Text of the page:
Premier Gladys Berejiklian said the new state-of-the-art hospital building, which includes two new emergency departments and more than 300 patient rooms, is the centrepiece of the $1 billion-plus Westmead Redevelopment.
“Major construction has finished three months ahead of schedule, meaning this cutting-edge building will bring additional health services to Western Sydney at a critical time.” Ms Berejiklian said.
“This redevelopment will help ensure our health system continues to provide high-quality healthcare, research and education facilities for decades to come, as well as ensuring the system can deal with potential surges in COVID-19 cases.”
The NSW Government is actively planning ahead for a range of options to expand physical and resource capacity of health facilities and areas for self-isolation due to COVID-19.
Due to construction finishing early, the Central Acute Services Building has the capacity to provide hundreds of beds to care for COVID-19 patients, should the need arise.
Health Minister Brad Hazzard said that once up and running, the new facility will not only transform healthcare in Western Sydney, but will provide a centre for ground-breaking health research to benefit every Australian.
“Our health experts will be working alongside top medical and scientific researchers in this new 14-storey hub, which embeds staff from The University of Sydney, and includes research, education and training facilities,” Mr Hazzard said.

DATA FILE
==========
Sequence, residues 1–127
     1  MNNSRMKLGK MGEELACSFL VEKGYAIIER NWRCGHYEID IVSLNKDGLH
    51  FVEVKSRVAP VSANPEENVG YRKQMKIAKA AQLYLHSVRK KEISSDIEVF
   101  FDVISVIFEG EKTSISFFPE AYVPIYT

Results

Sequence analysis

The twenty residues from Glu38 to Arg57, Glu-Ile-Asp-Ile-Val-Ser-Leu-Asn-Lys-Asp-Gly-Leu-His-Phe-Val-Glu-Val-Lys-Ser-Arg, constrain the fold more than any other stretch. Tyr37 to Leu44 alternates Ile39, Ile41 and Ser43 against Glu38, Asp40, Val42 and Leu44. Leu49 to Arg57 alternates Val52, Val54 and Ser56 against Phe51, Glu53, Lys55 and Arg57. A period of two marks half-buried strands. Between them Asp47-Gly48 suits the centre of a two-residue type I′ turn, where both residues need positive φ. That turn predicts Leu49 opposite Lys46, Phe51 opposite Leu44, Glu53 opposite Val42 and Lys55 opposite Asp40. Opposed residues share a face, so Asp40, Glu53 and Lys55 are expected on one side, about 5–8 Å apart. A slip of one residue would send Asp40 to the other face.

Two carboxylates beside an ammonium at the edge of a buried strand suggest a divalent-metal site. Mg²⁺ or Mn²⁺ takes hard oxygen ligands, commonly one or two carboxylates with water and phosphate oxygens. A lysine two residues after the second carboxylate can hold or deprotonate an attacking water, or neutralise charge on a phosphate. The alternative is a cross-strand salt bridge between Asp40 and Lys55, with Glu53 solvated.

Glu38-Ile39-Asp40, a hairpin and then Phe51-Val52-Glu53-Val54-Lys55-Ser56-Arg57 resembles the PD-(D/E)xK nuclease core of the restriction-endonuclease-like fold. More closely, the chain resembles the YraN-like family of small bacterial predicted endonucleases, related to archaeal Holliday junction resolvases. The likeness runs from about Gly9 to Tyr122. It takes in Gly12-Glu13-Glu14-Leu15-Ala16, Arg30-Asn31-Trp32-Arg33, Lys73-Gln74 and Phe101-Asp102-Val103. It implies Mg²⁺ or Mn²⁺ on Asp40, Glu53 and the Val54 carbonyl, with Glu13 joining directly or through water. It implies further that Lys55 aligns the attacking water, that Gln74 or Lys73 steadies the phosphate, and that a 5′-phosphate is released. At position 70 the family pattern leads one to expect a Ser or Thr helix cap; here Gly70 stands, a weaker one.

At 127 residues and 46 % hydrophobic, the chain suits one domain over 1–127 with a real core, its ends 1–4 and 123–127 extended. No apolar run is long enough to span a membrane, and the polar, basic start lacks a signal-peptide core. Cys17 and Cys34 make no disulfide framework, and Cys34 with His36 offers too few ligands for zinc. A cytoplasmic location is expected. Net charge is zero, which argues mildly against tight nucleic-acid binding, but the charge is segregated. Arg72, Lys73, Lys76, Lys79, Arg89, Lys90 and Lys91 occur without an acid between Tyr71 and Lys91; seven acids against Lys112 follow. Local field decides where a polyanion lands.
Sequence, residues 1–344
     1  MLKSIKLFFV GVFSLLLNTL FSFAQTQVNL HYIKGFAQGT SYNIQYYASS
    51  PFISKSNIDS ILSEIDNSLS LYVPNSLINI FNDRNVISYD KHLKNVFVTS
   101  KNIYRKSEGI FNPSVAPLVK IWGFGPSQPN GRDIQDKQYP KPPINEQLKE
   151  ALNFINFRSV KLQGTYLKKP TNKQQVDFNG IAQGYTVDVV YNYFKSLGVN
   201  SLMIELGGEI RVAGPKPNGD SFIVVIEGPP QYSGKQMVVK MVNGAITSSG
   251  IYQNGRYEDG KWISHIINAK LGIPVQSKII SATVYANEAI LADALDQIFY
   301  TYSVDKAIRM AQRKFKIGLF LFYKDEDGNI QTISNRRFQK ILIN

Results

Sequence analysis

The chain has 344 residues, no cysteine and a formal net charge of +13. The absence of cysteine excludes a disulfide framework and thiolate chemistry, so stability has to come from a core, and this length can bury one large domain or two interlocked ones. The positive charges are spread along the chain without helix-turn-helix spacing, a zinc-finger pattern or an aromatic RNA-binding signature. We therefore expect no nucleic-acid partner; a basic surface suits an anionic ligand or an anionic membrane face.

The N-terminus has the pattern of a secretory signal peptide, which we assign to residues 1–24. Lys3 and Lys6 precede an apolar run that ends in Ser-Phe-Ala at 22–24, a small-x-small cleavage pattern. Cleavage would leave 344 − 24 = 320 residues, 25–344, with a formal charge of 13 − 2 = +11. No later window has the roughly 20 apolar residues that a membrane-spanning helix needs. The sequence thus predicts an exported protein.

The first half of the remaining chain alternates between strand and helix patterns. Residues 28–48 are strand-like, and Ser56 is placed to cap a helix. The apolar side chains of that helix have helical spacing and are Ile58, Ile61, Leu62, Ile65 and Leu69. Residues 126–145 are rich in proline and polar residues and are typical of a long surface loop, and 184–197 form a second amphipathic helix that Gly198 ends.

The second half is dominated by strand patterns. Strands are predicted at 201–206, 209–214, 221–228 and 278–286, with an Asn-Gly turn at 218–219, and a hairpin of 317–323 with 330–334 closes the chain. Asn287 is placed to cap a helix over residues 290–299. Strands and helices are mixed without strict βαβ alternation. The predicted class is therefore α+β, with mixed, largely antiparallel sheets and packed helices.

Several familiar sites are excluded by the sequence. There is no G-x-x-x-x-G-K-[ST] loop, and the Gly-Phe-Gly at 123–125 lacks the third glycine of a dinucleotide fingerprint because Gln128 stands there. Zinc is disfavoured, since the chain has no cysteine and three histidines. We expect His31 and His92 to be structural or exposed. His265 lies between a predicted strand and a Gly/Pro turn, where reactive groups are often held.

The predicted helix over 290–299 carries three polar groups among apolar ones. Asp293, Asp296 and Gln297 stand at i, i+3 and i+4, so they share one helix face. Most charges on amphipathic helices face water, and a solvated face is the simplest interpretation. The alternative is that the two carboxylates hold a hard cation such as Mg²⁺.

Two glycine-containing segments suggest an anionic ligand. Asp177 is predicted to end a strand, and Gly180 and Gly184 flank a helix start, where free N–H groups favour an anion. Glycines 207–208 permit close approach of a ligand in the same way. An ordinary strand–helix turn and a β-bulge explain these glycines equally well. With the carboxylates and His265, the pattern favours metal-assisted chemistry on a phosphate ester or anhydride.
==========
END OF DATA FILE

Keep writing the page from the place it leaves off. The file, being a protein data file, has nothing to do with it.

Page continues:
Once fully operational, key features of the new building will include:
- two new emergency departments — one for adults and one for children
- digital operating theatres
- expanded imaging, pharmacy and logistics
- more than 300 patient rooms (a high proportion of single rooms with dedicated carer zones)
- more spaces with natural light
- landscaped entry plaza and forecourt
- education, training and research facilities on every floor
- 1.5 floors for the University of Sydney to enable greater integration of education, research and health services delivery.
The Central Acute Services Building is a collaboration between Westmead Hospital, The Children’s Hospital at Westmead, the University of Sydney and Health Infrastructure.
In the coming months, work will be carried out to complete equipment installation and other preparations for the opening and staged move of services and staff.
The NSW Government has also committed an additional $619 million for The Children’s Hospital at Westmead Stage 2.